Student Profile: Luke Gallen (LPP 2020)

Mar 05, 2020
New Colombo Plan - Connect to Australia’s future - study in the region.

Law Professional Practicum

Luke Gallen is a participant in the 2020 Law Professional Practicum. Luke is studying Bachelor of Laws with a Bachelor of International Studies at Macquarie University. Luke received a $3,000 New Colombo Plan Mobility Grant to support his participation in this program.

Q: Why did you decide to undertake the ACICIS Law Professional Practicum?

I wanted to engage with and better understand ASEAN countries because they play an integral role in Australia’s neighbouring region. The practicum offered by ACICIS also combined a good mix of study and practical work experience that ensured a holistic educational experience. I was attracted to this mix of opportunities, particularly in another country as diverse and relevant to Australia as Indonesia.

Q: Did you receive a New Colombo Plan Mobility Grant? If so, how did this contribute to your experience in Indonesia?

Yes, I was grateful to benefit from the NCP grant. It allowed me to fund the entirety of my accommodation, flights and food delivery. It also provided me with flexibility to travel throughout the program and better immerse myself in Indonesia.

Q: How will the Law Professional Practicum benefit or influence your future career?

One of the most significant benefits I received from completing the practicum was the experience of working overseas. The program prepared me to work and to quickly integrate myself into an international business environment. The Law Professional Practicum has further inspired me to work more closely with industries involved in developing the Indo-Pacific and its relationship with Australia.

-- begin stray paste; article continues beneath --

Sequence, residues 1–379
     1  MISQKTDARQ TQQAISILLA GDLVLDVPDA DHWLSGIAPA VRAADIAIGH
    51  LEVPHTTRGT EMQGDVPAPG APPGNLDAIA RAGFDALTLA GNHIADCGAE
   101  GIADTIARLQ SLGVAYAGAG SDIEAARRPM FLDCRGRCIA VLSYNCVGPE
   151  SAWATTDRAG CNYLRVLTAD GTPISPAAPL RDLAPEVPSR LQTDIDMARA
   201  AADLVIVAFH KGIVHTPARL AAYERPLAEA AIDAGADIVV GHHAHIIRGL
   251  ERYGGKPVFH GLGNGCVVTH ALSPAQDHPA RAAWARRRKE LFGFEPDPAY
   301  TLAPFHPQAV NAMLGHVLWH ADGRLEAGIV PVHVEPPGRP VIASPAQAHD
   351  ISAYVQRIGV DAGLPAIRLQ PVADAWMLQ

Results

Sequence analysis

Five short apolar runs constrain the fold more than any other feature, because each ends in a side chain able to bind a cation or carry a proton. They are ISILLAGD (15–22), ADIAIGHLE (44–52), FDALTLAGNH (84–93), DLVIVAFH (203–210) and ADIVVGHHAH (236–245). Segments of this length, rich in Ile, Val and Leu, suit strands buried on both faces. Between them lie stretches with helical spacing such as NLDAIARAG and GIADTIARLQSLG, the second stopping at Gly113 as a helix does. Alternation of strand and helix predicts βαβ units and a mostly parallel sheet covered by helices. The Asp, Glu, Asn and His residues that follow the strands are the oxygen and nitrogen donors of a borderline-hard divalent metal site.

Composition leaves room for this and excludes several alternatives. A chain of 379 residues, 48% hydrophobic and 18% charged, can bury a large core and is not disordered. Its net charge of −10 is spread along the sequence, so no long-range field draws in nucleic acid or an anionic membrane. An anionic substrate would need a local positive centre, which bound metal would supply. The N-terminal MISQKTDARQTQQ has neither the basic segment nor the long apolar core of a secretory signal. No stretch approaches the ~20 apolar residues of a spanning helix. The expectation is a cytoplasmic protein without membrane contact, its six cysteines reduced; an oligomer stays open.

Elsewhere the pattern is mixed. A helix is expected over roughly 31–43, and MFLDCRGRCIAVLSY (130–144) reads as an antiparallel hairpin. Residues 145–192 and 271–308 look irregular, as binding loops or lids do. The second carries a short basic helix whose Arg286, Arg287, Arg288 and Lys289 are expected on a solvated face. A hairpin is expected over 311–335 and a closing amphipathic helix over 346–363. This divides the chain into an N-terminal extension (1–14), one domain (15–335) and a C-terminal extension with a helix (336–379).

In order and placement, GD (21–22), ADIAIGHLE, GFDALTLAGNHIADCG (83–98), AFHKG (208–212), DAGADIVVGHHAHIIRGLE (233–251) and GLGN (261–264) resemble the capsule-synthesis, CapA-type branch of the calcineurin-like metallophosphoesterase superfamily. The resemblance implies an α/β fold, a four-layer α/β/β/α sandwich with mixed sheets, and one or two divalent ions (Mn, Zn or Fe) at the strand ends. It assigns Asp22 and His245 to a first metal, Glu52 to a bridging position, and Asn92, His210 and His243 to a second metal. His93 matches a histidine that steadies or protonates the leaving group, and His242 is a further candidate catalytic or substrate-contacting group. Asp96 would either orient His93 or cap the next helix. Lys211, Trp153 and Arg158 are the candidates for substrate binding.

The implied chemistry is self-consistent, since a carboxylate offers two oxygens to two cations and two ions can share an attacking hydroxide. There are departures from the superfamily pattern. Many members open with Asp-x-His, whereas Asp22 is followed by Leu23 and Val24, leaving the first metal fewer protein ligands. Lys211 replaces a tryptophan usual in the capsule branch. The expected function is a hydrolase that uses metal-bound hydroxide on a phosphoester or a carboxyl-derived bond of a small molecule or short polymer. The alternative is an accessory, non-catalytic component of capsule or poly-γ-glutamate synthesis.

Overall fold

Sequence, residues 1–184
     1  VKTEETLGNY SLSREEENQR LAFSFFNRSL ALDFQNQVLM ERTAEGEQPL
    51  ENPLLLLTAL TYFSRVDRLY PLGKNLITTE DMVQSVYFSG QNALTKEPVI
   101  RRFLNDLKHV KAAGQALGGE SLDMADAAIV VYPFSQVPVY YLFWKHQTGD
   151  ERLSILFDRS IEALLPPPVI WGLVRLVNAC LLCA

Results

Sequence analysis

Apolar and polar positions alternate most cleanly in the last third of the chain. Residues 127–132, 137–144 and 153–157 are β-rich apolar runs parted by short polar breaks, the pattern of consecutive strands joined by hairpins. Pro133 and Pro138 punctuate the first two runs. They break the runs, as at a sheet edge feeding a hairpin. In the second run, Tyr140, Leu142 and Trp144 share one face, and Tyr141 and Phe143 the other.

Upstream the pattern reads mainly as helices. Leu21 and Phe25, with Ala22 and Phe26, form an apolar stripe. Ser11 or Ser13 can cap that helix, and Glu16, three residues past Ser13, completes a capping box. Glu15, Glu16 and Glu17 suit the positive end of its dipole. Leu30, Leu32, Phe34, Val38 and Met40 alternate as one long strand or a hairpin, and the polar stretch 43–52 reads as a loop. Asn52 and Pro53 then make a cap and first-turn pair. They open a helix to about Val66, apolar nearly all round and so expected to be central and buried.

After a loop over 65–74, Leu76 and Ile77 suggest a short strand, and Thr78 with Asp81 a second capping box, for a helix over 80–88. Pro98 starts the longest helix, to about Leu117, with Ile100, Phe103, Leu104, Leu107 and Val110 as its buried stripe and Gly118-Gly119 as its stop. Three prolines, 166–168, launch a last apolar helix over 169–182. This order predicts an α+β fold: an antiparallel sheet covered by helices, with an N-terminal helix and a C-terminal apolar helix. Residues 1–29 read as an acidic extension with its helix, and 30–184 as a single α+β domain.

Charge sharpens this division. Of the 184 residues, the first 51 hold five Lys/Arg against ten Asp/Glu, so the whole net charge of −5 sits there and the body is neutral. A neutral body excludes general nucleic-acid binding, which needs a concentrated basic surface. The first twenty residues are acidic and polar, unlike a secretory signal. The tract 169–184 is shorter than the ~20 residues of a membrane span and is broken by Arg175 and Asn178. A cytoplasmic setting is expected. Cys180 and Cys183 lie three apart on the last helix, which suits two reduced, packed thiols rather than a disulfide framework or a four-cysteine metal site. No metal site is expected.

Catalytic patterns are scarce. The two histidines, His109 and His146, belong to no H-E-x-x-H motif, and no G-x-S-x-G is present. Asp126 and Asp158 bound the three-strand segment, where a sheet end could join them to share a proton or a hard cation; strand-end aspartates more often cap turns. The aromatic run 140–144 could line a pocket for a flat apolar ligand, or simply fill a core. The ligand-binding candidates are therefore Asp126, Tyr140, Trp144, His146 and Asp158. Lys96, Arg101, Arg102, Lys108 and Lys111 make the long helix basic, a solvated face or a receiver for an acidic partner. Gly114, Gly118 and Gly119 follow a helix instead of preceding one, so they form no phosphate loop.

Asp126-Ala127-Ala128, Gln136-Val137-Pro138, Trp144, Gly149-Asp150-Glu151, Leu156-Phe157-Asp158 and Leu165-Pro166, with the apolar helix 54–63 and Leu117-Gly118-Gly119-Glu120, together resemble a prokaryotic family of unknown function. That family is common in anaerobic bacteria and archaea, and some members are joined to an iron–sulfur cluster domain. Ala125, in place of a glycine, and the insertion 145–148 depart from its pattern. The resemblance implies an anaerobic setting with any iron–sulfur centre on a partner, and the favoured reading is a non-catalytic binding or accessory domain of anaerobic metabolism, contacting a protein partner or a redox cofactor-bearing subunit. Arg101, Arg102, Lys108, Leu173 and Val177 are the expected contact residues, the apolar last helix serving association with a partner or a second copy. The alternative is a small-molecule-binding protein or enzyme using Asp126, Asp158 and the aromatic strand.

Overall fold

Q: Which organisation are you interning with? What are your roles and responsibilities?

The Habibie Center. One of the most prestigious think tanks in Indonesia, founded by the former president B.J. Habibie that very broadly aims to develop sound policy around democratisation. I was an intern under the ASEAN Studies department. My role was to assist with research on topics that are relevant to events being held by the organisation (e.g. one task was to compile research on violent religious extremism in the Philippines for a comparative study to be done in the future). I also was able to pursue my own research under the mentorship of the expert staff at the center, focussing on areas of climate change law and trade (WTO) law.

Q: How have you found the work culture of your host organisation? How is it different to work experience in Australia?

Whilst I have experience of working within think tanks previously, I still found that working in a foreign country brought new challenges. Language barriers and cultural differences were obvious from the get-go. This ranged from religious differences to societal norms such as ‘jam karet’ (also known as ‘rubber time’).

I found that the conversations I had with my Indonesian colleagues were some of the most insightful and beneficial aspects of the program. Talking about a range of issues, some I had preconceived to be taboo, allowed me to better understand work culture in Indonesia and helped me better integrate myself into the organisation.

Q: Would you like to return to work in Indonesia again in future?

Yes! I would love to work and assist in areas of policy, trade or law between Australia and Indonesia, or even the Indo-Pacific region more broadly. It would give me another chance to further my Bahasa Indonesia too.

Q: What do you like to do in your spare time in Indonesia?

I joined a gym near my office to give myself structure and routine. Every weekend I found myself traveling and hiking across Java. I found that despite my love for Jakarta, the ordered chaos made it necessary to get out and about on weekends, especially to somewhere greener and more tranquil. There are also many live bands frequenting Jakartan bars and clubs.

Q: Favourite place to eat? Favourite Indonesian food?

Sate ayam dan nasi or soto Betawi from any local warung.

Q: Favourite Indonesian word/phrase?

Hati-hati! = meaning be careful. Very useful when taking a motorbike taxi around Jakarta. Always resulted in a laugh from the driver, even if I was being serious.

Q: What places in Indonesia have you visited during your practicum so far?

Travelled almost every weekend during the program. Managed to get to Pulau Macan (one of the ‘Thousand Islands’), Mt Bromo, Bogor and Yogyakarta. These places included a mix of cultural immersion and exploring hiking tracks that led to almost untouched natural wonders. My highlight was either the Chicken Church near Yogyakarta or the Sea of Sands at the foot of Mt Bromo.

The post Student Profile: Luke Gallen (LPP 2020) appeared first on ACICIS.


Other news